A major part of the snow and ice mass of the Hindu-Kush Himalaya (HKH) region in Pakistan is concentrated in the watersheds of the Indus basin. As a result of rapidly changing climatic conditions, the glaciers in Pakistan are receding at a rate of almost 40 – 60 meters per decade. The melting ice from these glaciers is increasing the volume of water in the glacial lakes. According to the IPCC’S fourth assessment report, eleven of the last twelve years (1995 – 2006) rank among the 12 warmest years of in the history of global surface record since 1850. This rapid change in the world’s temperatures is related with a faster rate of glacier melt.
Various studies suggest that the warming trend in the HKH region has been greater than the global average. The most severe threat of this effect is related to the rapid melting of glaciers. As these glaciers retreat, glacial lakes start to form and rapidly fill up behind natural moraine or ice dams at the bottom or on top of these glaciers. The ice or sediment bodies that contain the lakes can breach suddenly, leading to a discharge of huge volumes of water and debris. These are termed Glacier Lake Outburst Floods (GLOFs) and have the potential to release millions of cubic meters of water and debris, with peak flows as high as 15,000 cubic meters per second.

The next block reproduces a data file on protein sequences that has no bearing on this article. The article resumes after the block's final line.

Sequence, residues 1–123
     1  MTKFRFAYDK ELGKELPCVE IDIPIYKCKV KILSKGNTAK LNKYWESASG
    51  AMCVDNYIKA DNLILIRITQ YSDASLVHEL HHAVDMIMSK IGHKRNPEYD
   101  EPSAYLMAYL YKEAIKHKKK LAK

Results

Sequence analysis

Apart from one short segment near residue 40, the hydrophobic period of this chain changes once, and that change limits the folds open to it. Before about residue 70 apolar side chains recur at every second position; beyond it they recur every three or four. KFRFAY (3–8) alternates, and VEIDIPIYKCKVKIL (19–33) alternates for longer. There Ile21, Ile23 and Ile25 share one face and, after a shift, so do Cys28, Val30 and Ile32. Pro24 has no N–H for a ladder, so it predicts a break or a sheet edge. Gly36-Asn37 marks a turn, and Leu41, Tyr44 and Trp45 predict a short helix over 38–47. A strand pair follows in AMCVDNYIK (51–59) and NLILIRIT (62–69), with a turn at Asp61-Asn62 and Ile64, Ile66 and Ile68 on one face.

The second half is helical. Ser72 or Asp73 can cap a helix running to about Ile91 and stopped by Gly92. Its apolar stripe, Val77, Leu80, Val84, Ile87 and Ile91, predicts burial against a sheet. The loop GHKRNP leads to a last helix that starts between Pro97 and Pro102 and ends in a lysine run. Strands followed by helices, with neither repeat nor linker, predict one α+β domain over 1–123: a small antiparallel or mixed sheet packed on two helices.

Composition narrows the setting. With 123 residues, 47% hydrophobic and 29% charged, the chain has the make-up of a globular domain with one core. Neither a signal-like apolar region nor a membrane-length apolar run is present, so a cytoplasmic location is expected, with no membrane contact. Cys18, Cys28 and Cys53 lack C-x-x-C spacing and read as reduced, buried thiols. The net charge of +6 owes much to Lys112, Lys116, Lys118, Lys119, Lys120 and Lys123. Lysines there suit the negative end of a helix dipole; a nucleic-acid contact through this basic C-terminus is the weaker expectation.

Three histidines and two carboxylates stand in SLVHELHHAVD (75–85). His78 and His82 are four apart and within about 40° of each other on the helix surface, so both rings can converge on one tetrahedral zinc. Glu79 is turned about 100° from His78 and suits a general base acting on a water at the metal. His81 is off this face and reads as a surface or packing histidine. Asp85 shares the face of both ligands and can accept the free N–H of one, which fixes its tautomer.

During a GLOF, the V-shaped canyons of a normally small mountain stream can suddenly develop into an extremely turbulent and fast-moving torrent, some 50 meters deep. On a floodplain, inundation becomes somewhat slower, spreading as much as 10 kilometers wide. Both scenarios present horrific threats to lives, livelihoods, infrastructure and economic assets for the exposed population. Mountain communities living in the proximity of glacier lakes and glacier fed rivers are particularly at risk, as they live in remote and marginalized areas and depend heavily on fragile eco-systems for their livelihoods.
To address these increased risks posed by climate change, this project will develop the human and technical capacity of public institutions to understand and address immediate GLOF risks for vulnerable communities in Northern Pakistan. In addition, it will enable vulnerable local communities in northern areas of Pakistan to better understand and respond to GLOF risks and thereby adapt to growing climate change pressures.
There are no related resources for this project.